More changes came in 2021. MPD curbed the use of "pretextual stops" or traffic stops for minor traffic violations, prohibited officers from temporarily shutting off their body cams, redesigned its recruit application process to put more emphasis on social service experience and Minneapolis residency, added additional restrictions to the use of crowd control weapons, and updated their field training officer program to increase oversight and ongoing discipline review. 

Notable changes this year include an effort by Frey and Council member Lisa Palmisano to overhaul how police records are processed, and a new program training officers on how to intervene. The most significant shift occurred in April when, in the wake of the killing of Amir Locke, the mayor introduced a more aggressive prohibition on no-knock warrants.

When asked if all of these reforms constituted the kind of "deep structural reform" of MPD that Frey called for in the wake of Floyd’s murder, Levy Armstrong was unequivocal. 

"No, I don't think that he accomplished that," she said. 

"I would hope for what we've been calling for, even before George Floyd was killed, which was an overhaul of the Minneapolis Police Department in terms of policy, in terms of our hiring practices, in terms of a more robust disciplinary system, and in terms of ongoing accountability and transparency," Levy Armstrong added. 

With his "both/and" public safety strategy, Frey has also steadily increased funding for the city's Office of Violence Prevention and programs like Group Violence Intervention (GVI), which works to deescalate gang conflicts and connect at-risk youth to city services. 

Levy Armstrong said she agrees with that approach but thinks more should be done. 

"I'm glad that there has been a stronger focus on violence prevention at the same time, we still haven't seen significant levels of investment within the Black community, particularly in terms of job creation, housing stability, and investments in our young people," she said. 

Community driven change 


PJ Hill leads a protest for racial justice in Minneapolis following the murder of George Floyd in 2020. (Photo provided)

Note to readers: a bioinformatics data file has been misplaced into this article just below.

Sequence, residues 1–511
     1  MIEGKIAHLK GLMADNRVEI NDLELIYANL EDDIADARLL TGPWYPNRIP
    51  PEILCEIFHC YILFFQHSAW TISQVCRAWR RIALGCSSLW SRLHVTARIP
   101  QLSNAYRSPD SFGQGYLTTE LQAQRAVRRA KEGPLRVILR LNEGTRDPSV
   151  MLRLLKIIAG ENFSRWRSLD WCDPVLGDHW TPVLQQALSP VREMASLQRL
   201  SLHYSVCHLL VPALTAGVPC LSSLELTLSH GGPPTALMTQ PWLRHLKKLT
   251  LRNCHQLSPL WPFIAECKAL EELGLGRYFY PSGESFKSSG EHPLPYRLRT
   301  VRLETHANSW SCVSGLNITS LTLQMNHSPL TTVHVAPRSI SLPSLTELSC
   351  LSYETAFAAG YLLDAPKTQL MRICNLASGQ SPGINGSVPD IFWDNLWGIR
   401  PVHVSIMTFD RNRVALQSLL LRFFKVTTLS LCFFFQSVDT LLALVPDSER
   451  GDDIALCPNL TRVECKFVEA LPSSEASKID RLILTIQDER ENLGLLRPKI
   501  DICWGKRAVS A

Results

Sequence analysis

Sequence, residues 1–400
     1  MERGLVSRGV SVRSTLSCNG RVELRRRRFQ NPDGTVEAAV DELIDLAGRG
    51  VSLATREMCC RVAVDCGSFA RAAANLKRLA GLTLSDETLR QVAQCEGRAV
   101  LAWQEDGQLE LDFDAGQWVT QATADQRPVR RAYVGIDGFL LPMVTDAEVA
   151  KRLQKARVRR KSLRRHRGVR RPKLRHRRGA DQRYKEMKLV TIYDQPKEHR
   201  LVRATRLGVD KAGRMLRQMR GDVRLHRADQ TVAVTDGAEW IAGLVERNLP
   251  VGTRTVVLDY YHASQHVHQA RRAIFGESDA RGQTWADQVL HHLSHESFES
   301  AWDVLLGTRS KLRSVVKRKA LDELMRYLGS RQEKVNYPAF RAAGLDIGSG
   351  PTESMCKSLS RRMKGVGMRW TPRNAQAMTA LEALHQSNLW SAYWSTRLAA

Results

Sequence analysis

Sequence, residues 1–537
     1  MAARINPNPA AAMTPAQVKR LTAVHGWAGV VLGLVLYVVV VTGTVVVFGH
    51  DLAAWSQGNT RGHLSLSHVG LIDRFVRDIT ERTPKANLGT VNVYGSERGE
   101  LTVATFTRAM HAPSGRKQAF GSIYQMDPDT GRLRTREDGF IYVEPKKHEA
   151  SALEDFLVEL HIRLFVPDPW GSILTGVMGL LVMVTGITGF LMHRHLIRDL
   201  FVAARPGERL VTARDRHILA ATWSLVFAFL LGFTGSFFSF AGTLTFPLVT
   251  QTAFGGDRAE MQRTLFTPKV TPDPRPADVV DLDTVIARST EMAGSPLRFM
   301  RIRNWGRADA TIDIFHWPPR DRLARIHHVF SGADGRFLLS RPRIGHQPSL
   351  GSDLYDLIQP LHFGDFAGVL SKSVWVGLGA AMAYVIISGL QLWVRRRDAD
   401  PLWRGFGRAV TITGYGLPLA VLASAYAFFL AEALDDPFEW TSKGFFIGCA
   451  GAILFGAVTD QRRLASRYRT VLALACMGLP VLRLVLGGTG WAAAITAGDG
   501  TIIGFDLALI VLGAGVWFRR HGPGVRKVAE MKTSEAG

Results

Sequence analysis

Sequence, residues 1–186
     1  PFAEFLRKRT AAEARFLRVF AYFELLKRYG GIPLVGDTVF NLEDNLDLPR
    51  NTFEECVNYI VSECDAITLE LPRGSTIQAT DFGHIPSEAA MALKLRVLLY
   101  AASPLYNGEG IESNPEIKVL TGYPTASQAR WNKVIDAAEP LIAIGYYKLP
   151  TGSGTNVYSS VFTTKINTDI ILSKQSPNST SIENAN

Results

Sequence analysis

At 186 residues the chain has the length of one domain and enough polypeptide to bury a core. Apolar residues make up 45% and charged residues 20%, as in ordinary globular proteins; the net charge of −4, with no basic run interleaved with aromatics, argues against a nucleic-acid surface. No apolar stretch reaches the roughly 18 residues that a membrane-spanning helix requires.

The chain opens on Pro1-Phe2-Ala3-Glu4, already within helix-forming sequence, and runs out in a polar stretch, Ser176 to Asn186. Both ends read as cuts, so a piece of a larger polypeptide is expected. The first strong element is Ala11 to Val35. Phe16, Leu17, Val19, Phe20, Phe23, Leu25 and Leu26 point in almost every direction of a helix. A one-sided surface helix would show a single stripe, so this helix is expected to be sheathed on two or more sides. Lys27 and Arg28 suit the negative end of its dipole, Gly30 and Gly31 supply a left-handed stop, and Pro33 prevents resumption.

The community impact of the Floyd-inspired social movement didn’t just come through policy changes. Anika Bowie, an organizer with the Minneapolis NAACP, recalls how during the height of the unrest, the organization provided support for neighbors in North Minneapolis who came together to form community patrols, . 

"The people who showed up were folks who really value their community and had something to defend. And As tragic and immoral as George Floyd's murder was, the community's response showed the power of people working together to solve issues," she said. 

NAACP Vice President PJ Hill, a financial advisor with NorthRock Partners, organized two large rallies in the aftermath Floyd’s murder, the Take the Knee rally and the 10K March, before then pivoting to partnering with local business executives and investors who wanted to do more to support the Black community. 

He has continued work in a similar vein as the co-chair of the city’s Inclusive Economic Recovery workgroup, which in March presented a slate of recommendations to the city, including strategies to support homeownership for BIPOC communities and better support for BIPOC entrepreneurs. 

Now, as he waits to see how the city will implement the recommendations, he worries about how efforts like his can keep momentum.  

"My hope, as I continue to do this work to help people build wealth and liberate people economically, is that people keep that sense of urgency and never forget that feeling that they felt when they watched that video for the first time of how do we make change? And that feeling dissipates. But what do you need to keep you going? To continue to try to level the playing field?" he asked.